Good news for people who love bad news

Journalists are used to bad news–both on the job, and about their jobs. But this year's Canadian Newspaper Association Ink + Beyond conference ended on a positive note, with good news coming from the keynote speaker, Angus Reid.

As CEO of Vision Critical, an online market research firm, and founder of Angus Reid Group, Reid knows a thing or two about what people want. And one of his messages at Friday morning's event is that people still want traditional media.

"The idea that there's a zero-sum relationship between old media and new media isn't true," Reid said, before revealing the results of two major media studies his company performed last year. He explained that though there is a growing category of people he deemed "media maniacs"–those who consume social media, online media, mobile media, etc.–that this consumption of media is on top of the traditional media that they're already consuming.

Reid said that part of the reason why people continue to want traditional media is because they feel they can trust it. To prove this point, he showed results from a study also performed by Vision Critical, which showed people's trust levels depending on the source of information.

The study showed, in part, that people rate information received from traditional media much higher than information from new media. Highlights of the study:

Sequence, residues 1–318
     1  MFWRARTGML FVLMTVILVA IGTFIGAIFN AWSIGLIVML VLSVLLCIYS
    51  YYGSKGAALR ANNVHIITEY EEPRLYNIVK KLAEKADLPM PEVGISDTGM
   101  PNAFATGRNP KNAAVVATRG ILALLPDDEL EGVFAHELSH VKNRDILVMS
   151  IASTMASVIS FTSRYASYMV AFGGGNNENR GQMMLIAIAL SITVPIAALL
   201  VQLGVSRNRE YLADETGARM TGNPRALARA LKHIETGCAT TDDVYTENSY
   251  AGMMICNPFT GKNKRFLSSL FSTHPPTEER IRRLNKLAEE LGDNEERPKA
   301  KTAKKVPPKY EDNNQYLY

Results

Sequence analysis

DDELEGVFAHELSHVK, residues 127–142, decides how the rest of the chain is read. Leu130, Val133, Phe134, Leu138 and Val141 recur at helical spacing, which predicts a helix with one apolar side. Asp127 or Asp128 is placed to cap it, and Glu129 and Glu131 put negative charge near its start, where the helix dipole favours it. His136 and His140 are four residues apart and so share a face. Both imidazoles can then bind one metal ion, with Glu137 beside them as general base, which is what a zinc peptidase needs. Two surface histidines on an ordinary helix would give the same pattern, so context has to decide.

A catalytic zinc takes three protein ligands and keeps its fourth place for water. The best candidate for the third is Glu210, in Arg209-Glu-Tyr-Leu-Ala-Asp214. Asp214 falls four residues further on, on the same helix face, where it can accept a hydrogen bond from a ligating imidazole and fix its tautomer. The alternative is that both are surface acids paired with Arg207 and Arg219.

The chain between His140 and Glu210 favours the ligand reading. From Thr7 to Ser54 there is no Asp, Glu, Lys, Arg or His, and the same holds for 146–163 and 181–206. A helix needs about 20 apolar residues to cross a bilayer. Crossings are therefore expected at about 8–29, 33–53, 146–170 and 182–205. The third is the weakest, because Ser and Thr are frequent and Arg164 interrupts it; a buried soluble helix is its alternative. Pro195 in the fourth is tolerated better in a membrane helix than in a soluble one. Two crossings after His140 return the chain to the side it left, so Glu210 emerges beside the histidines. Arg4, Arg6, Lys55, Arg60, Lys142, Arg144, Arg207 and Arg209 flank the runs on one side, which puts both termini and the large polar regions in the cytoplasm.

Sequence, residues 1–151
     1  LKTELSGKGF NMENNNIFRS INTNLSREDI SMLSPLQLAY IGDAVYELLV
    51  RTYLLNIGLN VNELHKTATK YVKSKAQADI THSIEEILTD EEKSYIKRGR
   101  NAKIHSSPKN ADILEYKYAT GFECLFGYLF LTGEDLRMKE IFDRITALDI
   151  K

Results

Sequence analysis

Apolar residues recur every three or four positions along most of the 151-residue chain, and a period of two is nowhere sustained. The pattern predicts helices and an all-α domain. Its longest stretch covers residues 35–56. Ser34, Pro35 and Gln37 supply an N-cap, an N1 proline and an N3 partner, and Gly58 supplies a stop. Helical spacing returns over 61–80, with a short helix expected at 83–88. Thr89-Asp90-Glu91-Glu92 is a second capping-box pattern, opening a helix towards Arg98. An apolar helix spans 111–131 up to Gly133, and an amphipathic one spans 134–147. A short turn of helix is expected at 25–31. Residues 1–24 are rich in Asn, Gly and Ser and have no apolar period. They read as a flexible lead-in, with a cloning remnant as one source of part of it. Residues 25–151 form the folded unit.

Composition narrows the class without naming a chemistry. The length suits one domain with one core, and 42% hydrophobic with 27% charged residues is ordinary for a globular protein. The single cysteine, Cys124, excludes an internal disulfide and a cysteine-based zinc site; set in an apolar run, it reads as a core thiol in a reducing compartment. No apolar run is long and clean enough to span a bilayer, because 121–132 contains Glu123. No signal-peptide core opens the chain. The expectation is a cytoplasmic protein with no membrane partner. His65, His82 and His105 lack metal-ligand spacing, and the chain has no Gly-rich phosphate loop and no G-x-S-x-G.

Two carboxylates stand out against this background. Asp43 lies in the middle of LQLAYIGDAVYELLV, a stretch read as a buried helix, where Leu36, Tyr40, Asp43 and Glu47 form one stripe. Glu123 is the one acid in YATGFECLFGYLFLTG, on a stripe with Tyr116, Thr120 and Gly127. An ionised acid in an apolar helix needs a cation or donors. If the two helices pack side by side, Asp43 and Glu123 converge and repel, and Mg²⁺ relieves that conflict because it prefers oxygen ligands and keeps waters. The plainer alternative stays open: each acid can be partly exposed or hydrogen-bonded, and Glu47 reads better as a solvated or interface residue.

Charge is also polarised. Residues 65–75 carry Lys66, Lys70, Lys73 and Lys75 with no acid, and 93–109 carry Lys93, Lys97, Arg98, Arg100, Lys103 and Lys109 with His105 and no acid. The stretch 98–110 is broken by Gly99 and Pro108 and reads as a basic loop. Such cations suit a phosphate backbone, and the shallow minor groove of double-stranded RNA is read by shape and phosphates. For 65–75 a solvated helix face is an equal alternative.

• Family: 78%
  • Friends: 66%
  • Broadcast and radio: 45%
  • Print: 41%
  • Social networks: 13%
  • Blogs, forums, chat rooms, etc.: 8%

What this adds up to is good news for newspapers. But Reid emphasized several times throughout his speech that going forward, the reader–and newspapers' knowledge about the reader–will be key to their success.

The importance of market research about newspapers' audiences: who they are, what their preferences are, etc., has never been more important, Reid argued. Traditionally, audience measurements for media have been inaccurate, mired by politics, and clumsy. Luckily, he said, new technology and the efficiency of online surveying will help to combat this.

"I think there is a good future out there for your industry," he closed his speech by saying. "I really believe this."